For example, the Denver Broncos don't know how it's competitors - the Chiefs, Chargers, Raiders - how they are operating, what their profitability is, we never see that. All this was offered up - league-wide and individual club profitability data, and the union didn't want to look at it. They'll have to answer why, but they said it just wasn't enough. They've had more financial information offered to them than they've had offered in any previous negotiation, there's labor law that dictates the level of financial transparency required in collective bargaining. We'll follow and support those principles. I think plenty was offered up. Why they didn't want to take it? Perhaps doing that, in this case, went against what their PR plan was, or their roll out plan of their litigation - they'll have to speak to that.
To say that all the information was utterly useless, or whatever the union leader said, I can't remember his exact words, I think is misguided and disingenuous.
MHR - How big of an impact did the TV-Revenue Ruling have on the negotiations?
Joe Ellis: I don't think it impacted the negotiations one bit. I think it served as a useful piece of propaganda towards the union's public relations campaign. In terms of how it affected negotiations - none. How it affected every club's position moving forward - not at all. Everybody had contingency plans to deal with, either a lockout or playing a season depending on what was going to happen anyway. So, the TV money... we're preparing for 2011 - all scenarios. That particular case, they are trumpeting that as a great victory but it really has no affect on the clubs whatsoever.
MHR - Have you been impressed, even surprised, with how John Elway has fit in with his new role as V.P. of the Broncos?
Joe Ellis: I'm not surprised at all. I think that there was this public perception that this was some kind of P.R. move on behalf of Mr. Bowlen and the team. I knew from talking with him the past several years how deeply invested he would place himself in the football side of the organization, and how excited and how eager he was to immerse himself totally into this. No one's been working harder, no one's been having more fun, nobody cares more about the Denver Broncos than John Elway. He came to Denver in 1983 and never left. He want's to help bring the Broncos back to the same level of prominence we had the year he retired.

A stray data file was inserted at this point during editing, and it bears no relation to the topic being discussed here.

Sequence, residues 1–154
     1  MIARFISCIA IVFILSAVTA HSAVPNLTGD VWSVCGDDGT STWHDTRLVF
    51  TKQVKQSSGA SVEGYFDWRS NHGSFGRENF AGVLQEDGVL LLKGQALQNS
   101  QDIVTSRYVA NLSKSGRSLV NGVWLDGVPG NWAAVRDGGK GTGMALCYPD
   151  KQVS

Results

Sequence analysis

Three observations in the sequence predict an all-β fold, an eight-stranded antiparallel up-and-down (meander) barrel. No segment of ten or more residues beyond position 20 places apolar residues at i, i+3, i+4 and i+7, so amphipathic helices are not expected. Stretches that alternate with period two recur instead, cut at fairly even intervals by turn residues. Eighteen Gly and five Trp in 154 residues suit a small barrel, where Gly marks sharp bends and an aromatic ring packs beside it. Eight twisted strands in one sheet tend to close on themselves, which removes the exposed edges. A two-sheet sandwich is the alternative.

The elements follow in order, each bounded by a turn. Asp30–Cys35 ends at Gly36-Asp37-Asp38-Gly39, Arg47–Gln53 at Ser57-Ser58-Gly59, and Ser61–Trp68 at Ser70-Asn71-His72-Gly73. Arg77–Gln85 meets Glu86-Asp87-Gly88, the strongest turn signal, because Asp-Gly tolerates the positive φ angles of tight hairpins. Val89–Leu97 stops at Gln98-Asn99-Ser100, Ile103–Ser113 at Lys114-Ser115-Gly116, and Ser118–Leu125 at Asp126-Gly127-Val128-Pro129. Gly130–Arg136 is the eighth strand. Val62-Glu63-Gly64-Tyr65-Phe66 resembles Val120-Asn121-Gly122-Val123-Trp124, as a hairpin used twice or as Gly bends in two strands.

I'm not surprised by it at all. It's been an enormous bonus for us inside our building, obviously it's had it's benefits outside the building because of the stature and aura that John carries, but I think for all those that underestimated the impact it would have inside our building, they would be pleasantly surprised at how positive it has become for us, for the Denver Broncos.
MHR - At what point does a work stoppage have an affect on the Broncos?
Joe Ellis: We're going to survive and the League is going to survive. That is not the worry here. The worry is, when does this begin to affect fans and that started Friday night. So our worry level begins. Where it really gets bad for fans is when we get to the meat of our season, that to me starts with Training Camp. We still have the Draft. When it really starts to hurt fans deeply, that comes later in the summer I think.
But hey, listen, they're hurt by yesterday(Friday). They love this game, follow it 365 days per year, we know that. We understand the passion they have for the Broncos and for them the hurt began Friday night. They are disappointed and angry and we need to get back to the business of doing right by them and that'll start with everyone getting back to the table, collectively bargaining, and coming to an agreement moving forward.
MHR - There is plenty of anger, frustration and disappointment with the fans right now. If they were sitting next to me, what would you say to them?
Joe Ellis: I would say, first of all, I agree completely. Our feelings are identical. We feel a deal should be done and it shouldn't be this hard to get a deal done. The only thing I can say is, I hope that they follow along with our belief that eventually we sort this mess out and we play football in 2011. We are preparing as if that's going to happen. We have a Draft coming up, we're evaluating our team with the effort of John Elway, John Fox, Brian Xanders, all of our scouts and all of our pro personnel people.
We are not slowing down. It is Mr. Bowlen's hope, it is the organization's hope, that we are back on the field in time for Training Camp and the start of the 2011 season. Hopefully we get this thing sorted out well in advance of that, I think that would be in the best interest of all parties - players, owners, fans, everybody - to get it back on track and that's our goal.
Believe me, that doesn't diminish what everyone is feeling today - the three words you just mentioned(anger, frustration and disappointment) - and that's how we feel. But we have a job to do, we have to get over it starting right now, move forward and get ready to play in 2011.
At the League level our hope is the owners and players will get themselves balanced and get back together, cooler heads will prevail - I know the owners are ready to do that, let's hope the players are ready to do that.
I want to thank the Denver Broncos and Mr. Ellis for taking time to speak directly to us, the fans. Here's hoping this is a door that remains open - even when labor peace returns - and Mile High Report can continue to be your direct link to the Denver Broncos. It is the power that you, the members of Broncos Country, have. MHR is just an avenue we can use.